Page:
This paper considers the increased identification of special educational needs in Australia’s largest education system from the perspectives of senior public servants, regional directors, head teachers, school counselors, classroom teachers, support class teachers, learning support teachers and teaching assistants (n~ 30). While their perceptions of an increase generally align with the story told by official statistics, the premise of this paper is that the numbers do not necessarily reflect what they are being taken to reflect. Firstly, strategies that are employed to orchestrate SEN funding when student eligibility is in question put the accuracy of government statistics in serious doubt. Secondly, the system is dependent on the knowledge, perceptions and skills of the adults who teach, assess, refer and confirm the diagnosis of individual children as it is their beliefs that set identification and referral processes in motion. Findings suggest that school-based identification and referral processes rest on shaky foundations. For example, school practitioners’ judge both the constitution and prevalence of special educational needs by looking at the students within their immediate surroundings; however, this ‘local’ perspective can lack the mediating effect of a more distant vantage point. Yet, despite the benefit of ‘inside knowledge’, even public servants at the highest level draw on deficit-theories and subjective cultural myths to explain patterns and trends. In this paper, I argue that official statistics may be more appropriately viewed as a product of funding eligibility and the assumptions of the adults who teach, refer and assess children who experience difficulties in school and with learning.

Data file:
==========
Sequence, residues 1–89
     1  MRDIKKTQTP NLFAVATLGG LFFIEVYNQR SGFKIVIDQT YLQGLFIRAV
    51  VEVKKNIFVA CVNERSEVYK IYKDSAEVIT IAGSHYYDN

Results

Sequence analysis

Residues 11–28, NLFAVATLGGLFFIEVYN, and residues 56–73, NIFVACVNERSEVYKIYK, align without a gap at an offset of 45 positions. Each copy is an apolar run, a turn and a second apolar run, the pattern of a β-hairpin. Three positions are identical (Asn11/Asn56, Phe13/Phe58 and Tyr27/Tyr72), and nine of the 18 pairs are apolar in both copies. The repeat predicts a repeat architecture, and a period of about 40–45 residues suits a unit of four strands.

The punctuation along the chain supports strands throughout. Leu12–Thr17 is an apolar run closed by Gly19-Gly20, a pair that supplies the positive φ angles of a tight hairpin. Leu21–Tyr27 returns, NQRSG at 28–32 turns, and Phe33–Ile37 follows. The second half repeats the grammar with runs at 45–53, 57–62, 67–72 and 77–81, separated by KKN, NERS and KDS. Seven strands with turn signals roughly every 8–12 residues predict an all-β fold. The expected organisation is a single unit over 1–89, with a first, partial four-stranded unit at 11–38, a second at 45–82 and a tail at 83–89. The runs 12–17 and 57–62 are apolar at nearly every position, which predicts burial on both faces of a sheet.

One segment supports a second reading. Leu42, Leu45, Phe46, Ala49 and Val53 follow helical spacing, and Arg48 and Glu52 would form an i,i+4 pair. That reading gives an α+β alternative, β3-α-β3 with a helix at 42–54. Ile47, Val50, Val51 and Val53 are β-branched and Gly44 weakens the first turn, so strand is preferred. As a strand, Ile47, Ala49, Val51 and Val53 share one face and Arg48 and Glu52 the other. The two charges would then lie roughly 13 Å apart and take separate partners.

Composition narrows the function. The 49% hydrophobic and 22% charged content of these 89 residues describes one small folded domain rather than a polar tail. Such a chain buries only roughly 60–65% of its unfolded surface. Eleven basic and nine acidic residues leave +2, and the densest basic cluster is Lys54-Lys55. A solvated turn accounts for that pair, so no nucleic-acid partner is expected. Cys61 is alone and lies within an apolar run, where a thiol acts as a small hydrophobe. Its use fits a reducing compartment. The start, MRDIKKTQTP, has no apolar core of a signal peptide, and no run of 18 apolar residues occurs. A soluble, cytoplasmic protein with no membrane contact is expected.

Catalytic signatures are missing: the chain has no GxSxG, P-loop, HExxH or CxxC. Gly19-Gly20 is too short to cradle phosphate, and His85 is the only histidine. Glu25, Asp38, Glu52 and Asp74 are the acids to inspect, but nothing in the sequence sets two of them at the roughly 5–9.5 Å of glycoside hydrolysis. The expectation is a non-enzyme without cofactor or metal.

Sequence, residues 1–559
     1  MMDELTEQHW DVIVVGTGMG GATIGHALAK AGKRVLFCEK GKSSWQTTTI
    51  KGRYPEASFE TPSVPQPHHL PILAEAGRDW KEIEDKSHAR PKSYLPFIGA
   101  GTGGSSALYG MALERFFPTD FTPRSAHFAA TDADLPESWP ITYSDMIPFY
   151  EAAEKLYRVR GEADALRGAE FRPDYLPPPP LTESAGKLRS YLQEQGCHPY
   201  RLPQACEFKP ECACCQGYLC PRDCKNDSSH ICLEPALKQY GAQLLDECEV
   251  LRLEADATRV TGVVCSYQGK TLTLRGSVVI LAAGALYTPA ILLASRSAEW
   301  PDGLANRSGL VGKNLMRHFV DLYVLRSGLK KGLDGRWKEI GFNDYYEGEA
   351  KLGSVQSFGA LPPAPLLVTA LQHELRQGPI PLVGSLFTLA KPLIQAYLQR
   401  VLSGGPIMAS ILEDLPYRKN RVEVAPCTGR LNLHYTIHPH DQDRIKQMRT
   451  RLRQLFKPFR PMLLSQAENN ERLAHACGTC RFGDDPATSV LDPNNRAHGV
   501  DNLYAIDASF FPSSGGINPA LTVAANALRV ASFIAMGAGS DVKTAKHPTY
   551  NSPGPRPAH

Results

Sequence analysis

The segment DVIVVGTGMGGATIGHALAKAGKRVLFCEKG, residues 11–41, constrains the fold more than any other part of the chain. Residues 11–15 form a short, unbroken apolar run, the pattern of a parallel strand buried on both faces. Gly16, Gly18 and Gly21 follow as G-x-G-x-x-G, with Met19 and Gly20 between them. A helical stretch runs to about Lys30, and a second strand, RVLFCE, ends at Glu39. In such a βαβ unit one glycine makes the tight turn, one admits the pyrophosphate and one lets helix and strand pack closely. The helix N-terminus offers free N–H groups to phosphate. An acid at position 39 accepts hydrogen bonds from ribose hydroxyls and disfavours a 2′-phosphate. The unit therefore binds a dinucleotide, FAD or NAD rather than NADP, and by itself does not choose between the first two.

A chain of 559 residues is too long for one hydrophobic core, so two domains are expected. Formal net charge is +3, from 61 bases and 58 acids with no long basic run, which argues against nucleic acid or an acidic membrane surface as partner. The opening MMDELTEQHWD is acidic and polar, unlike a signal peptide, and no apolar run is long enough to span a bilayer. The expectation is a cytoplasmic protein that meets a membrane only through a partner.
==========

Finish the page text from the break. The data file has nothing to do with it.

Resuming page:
Keywords: SEN identification, funding policy, practitioner perspectives, teacher education and professional learning, inclusive education.